I for one will be looking forward a lot to VAR coming to the PL next season. As a West Ham fan I know we will keep losing games. We always have and as a club we find ever more elaborated ways to snatch defeat from the jaws of victory. That is fine and I got plenty of practise of getting used to it, it’s annoying but in most cases, by now, water off a duck’s back. But losing a game because a linesman didn’t pay attention or missed his appointment wit Specsavers ? Or due to a referee trying to prove a point, basking in his own sense of importance, trying to give an edge to the big side on the pitch as surely they deserve to get the win more than one of those unglamourous and skint sides who are just there to make up the numbers ?

VAR will not completely get rid of big team bias. But the referees will have to think a lot harder (and be clever about it) if they still want to give the big sides the edge.
I can live with the remaining games of the season being played without VAR in operation. We have missed the motorway exit for 7th place now for sure, so let’s just beat Spurs (a first win at that stadium as the away team surely is a massive incentive in itself) and get this bloody season over with! Once VAR is up and running, we can easily find other stuff to get riled up about…VAR will not keep fans from getting the hump…COYI!!!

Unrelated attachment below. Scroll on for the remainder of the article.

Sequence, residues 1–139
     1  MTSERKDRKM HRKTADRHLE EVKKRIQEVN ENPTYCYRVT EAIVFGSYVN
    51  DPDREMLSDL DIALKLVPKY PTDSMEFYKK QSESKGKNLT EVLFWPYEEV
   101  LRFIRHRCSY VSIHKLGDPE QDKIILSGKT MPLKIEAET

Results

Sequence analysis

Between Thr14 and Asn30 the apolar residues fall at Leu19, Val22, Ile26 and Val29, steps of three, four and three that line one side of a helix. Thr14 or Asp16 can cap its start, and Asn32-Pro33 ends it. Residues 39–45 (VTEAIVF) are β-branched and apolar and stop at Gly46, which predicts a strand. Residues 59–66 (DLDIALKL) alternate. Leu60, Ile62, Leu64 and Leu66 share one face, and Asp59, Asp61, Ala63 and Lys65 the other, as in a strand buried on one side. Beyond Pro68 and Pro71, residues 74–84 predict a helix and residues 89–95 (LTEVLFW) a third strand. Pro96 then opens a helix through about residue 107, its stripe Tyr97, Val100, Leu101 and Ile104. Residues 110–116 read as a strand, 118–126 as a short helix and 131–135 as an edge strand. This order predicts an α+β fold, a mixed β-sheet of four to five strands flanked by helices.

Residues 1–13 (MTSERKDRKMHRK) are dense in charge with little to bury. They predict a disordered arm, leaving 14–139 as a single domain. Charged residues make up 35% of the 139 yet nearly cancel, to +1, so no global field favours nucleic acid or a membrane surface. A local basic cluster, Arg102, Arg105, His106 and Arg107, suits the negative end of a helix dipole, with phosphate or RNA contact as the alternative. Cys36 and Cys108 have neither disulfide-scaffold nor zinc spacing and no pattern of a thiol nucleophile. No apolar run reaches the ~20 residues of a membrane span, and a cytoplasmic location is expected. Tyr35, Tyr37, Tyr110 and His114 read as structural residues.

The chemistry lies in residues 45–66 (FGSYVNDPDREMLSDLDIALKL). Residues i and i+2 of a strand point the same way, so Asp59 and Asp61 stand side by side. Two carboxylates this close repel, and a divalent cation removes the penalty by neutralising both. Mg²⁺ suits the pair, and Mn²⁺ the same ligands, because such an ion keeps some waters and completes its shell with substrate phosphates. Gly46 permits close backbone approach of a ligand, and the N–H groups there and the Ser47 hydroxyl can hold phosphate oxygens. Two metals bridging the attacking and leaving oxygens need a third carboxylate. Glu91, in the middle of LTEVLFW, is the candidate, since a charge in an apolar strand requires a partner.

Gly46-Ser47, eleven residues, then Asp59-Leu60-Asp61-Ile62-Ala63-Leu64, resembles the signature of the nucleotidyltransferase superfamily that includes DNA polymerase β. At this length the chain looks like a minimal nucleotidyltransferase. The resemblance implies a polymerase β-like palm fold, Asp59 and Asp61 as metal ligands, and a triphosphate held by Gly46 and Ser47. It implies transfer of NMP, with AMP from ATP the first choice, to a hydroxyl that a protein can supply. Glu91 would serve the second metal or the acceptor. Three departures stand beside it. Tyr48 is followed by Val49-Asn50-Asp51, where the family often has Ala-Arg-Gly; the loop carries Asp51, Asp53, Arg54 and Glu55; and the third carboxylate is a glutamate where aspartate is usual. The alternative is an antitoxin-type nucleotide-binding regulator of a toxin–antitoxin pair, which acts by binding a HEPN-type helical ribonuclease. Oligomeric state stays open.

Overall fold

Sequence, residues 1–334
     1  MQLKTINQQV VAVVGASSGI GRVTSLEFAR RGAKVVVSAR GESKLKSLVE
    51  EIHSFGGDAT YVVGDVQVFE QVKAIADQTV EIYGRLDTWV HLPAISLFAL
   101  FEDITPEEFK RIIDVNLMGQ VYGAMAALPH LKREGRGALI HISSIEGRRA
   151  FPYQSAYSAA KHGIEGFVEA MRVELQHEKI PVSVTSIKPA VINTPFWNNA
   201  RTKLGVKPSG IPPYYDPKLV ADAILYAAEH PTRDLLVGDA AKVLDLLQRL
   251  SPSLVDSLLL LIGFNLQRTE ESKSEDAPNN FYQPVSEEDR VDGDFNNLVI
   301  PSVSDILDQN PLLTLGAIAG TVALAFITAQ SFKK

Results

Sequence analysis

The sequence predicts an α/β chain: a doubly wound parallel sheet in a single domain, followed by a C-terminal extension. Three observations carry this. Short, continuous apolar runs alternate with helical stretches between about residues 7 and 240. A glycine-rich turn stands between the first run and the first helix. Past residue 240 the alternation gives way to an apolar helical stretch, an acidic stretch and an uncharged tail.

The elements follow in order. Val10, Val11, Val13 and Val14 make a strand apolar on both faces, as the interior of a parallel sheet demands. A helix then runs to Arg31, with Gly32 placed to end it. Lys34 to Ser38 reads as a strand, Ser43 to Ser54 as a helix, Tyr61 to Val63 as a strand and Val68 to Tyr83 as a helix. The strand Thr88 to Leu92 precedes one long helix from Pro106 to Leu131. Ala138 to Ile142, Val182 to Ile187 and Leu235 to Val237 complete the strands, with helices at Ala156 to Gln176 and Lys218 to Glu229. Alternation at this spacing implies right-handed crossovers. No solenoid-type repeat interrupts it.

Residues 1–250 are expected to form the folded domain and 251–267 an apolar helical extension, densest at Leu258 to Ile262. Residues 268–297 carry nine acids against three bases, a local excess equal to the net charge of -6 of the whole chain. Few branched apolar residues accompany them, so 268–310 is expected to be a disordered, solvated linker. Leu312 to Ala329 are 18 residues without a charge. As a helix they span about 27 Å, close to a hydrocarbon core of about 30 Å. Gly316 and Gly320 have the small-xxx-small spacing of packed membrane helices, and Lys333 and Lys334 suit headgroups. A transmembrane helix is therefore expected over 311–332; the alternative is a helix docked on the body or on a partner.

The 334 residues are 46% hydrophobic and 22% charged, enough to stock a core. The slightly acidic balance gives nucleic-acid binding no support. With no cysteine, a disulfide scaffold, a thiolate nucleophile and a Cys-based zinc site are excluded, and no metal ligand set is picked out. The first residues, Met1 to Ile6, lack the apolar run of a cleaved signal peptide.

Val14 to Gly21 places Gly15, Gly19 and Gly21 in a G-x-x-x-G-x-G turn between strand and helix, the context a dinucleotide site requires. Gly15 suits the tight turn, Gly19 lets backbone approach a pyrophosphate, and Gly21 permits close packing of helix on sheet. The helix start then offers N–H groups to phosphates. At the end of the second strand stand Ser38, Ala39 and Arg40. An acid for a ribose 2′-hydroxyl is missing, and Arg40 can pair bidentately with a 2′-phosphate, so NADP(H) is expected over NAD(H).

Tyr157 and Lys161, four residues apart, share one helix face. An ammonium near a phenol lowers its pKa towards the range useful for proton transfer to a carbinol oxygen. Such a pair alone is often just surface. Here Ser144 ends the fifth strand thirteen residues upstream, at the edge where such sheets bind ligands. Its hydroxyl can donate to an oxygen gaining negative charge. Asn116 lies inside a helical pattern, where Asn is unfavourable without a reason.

Hamburg football update:

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Fairly unsuccessful weekend for the big clubs. HSV could only draw against relegation candidates Aue while St.Pauli got a tonking at Heidenheim (losing 0:3).
HSV are still in 2nd place but they will feel clubs like Union Berlin or Paderborn breathing down their necks for promotion while St.Pauli have actually played themselves out of contention at this point.

As for Concordia the women’s team didn’t play, the first team will play away to Buchholz this afternoon, 30 miles to the south of Hamburg, against the club famous for being the only club in this league to serve horsemeat sausages at their games, well, it’s an area famous for breeding horses, so I suppose it’s no surprise it’s a local delicacy there.
If I go to the game, I will give the sausage a miss though – those recent fatalities around various racecourses around Britain made me have a rethink.

The big news for the Cordi U23s was their extra time cup win on Good Friday to give them a place in the local Holsten Cup Final. The price at stake is mostly symbolic, it’ll be about 250 quid or so for the club coffers, a few crates of free beer, courtesy of the sponsor and a shiny little trophy for the cabinet. For the boys though it’s obviously a big thing, especially as their opposition will be a side from a league above them. And it will be nice for them to play in front of a crowd of 500 for a change – and not 50 as for regular league games…